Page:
not misbehavior but rather a problem that must be faced and resolved in a positive way.
Module 5: What is the Impact of Bedwetting on Teens and Their Family?
5.1: For Teens:
“I don’t want to go to the school acquaintance party.”
“I don’t feel welcomed at all. They all think I’m a freak.”
“Why me?”
Perhaps, I’m just exaggerating a bit on what teenagers think or feel about
themselves, but let’s face it, sometimes the statements above do ring a bell.
As previously mentioned, bedwetting has a significant impact on the teen’s life, and,
more specifically, on their self-confidence and self-esteem. Various debates regarding the
relationship between bedwetting and teen’s self-esteem have occurred. Nonetheless,
several medical studies have been done which show a significant improvement in the
teen’s self-confidence upon proper management of bedwetting.
Teenagers know that bedwetting can cause stress and anxiety in the family. It is often
related to major life changes, such as constant parental fighting, divorce, or even death.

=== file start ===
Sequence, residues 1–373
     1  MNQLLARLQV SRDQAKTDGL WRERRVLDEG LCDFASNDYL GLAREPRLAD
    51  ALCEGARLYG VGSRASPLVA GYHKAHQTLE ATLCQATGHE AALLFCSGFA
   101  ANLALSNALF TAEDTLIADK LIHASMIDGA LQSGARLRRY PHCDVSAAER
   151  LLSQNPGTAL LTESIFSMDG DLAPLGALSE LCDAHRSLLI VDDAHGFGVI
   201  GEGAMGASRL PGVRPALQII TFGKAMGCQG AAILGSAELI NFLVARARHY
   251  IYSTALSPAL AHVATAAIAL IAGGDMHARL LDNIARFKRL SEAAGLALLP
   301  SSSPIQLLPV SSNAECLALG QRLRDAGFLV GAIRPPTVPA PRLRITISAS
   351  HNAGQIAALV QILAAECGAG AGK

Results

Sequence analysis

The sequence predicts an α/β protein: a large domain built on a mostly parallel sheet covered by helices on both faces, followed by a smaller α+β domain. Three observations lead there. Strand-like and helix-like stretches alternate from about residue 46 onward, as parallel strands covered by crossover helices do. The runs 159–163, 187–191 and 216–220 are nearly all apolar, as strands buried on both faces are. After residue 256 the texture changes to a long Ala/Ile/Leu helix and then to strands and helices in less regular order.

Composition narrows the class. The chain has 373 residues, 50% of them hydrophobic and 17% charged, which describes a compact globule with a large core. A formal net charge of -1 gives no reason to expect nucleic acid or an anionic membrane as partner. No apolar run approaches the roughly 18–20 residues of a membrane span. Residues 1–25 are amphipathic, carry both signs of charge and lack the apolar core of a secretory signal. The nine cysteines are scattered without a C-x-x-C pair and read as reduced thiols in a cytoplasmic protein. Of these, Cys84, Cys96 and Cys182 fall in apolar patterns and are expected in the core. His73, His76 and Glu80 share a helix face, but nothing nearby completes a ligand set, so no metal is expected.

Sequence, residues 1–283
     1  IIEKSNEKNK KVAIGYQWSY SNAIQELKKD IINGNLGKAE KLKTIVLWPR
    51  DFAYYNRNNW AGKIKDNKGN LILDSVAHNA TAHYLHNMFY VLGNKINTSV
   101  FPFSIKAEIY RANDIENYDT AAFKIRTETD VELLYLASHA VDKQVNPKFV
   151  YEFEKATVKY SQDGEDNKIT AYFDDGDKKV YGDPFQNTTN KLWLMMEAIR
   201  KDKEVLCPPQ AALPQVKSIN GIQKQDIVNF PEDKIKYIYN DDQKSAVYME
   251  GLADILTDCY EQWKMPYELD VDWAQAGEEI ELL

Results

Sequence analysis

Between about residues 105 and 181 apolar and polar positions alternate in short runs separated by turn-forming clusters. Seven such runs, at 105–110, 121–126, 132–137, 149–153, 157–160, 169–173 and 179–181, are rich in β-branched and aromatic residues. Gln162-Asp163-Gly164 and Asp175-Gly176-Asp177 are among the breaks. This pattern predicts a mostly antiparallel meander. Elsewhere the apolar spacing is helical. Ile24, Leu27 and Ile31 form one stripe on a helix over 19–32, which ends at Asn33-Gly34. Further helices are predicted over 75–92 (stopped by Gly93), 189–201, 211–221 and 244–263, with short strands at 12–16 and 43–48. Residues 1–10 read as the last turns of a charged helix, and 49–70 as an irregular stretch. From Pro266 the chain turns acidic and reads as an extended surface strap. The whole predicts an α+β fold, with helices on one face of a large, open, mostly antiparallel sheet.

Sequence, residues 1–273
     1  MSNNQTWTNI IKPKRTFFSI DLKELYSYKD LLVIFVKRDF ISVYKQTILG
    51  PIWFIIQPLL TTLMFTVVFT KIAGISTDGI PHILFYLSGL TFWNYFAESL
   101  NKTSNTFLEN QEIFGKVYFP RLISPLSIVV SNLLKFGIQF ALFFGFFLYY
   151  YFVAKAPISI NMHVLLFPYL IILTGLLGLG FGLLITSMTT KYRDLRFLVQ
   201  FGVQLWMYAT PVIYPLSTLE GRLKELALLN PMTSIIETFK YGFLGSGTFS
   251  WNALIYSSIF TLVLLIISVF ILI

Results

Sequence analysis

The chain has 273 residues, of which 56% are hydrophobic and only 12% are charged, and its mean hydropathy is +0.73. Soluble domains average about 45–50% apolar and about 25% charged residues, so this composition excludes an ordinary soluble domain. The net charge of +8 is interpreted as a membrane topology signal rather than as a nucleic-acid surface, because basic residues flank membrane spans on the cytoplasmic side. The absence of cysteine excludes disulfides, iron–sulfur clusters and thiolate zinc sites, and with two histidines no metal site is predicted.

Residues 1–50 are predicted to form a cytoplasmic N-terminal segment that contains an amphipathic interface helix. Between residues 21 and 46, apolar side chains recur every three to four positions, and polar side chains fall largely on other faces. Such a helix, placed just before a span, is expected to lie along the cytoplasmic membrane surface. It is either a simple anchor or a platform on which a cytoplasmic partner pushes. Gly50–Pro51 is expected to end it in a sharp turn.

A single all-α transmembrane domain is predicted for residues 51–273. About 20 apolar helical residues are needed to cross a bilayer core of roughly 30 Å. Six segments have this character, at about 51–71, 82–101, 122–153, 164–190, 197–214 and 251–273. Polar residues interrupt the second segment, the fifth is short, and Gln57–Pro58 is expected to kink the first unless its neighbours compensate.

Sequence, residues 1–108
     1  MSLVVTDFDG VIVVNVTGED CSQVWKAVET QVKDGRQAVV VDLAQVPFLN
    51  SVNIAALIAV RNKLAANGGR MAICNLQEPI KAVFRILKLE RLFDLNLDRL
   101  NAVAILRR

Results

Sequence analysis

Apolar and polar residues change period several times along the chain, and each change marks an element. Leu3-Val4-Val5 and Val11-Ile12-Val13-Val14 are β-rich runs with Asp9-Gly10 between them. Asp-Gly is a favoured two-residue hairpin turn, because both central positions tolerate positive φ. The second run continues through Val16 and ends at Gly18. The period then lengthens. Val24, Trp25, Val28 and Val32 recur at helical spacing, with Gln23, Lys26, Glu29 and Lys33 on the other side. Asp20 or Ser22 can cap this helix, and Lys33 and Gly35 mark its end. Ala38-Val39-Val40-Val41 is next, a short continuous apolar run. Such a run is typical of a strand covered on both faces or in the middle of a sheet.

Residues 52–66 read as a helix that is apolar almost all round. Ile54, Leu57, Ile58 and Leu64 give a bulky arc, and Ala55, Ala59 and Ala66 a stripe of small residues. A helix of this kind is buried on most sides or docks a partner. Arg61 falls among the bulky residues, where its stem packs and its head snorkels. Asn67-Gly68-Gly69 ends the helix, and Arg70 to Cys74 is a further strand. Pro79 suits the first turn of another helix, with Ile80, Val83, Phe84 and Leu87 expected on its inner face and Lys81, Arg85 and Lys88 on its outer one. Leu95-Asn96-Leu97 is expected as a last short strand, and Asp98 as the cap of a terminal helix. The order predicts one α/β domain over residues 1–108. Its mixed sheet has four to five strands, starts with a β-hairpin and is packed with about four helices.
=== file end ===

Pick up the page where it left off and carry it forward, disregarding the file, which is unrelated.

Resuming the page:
In some teenagers with enuresis, any form of punishment and teasing from relatives,
siblings, or even friends can contribute to the fact that they don’t want to talk about the
condition any more for fear of embarrassment and shame.
There are also studies that show bedwetting teenagers develop behavioral problems
in conjunction with low self-confidence and stress. They feel guilty and often try to
isolate themselves from the rest of the world, which affects their social life as well. This
effect is worsened when the problem is not controlled, leaving them to feel that they are
no longer in control of their lives.
In some cases, these behavioral problems could manifest themselves in school
settings, and bedwetting teenagers may fall into one of two extreme categories:
•
Aggressiveness
•
Self-pity
Many times, these same kids have problems focusing while in class, which results in
poor school performance and low academic marks. Teenagers who have nocturnal
enuresis may consider this condition as the biggest hurdle they have encountered in their
lives.
Therefore, parents and other family members play a very important role. It is
important to downplay the impact of bedwetting in the family so as not to create the
vicious cycle I have mentioned. Bedwetting can cause stress which, in turn, can cause
even more bedwetting incidents, and then the cycle begins again.
Parents and family members must constantly reassure their kids that they are not
alone in this difficulty. By giving them constant emotional support, family members can
help prevent any negative behavioral problems from developing. If teenagers feel they’re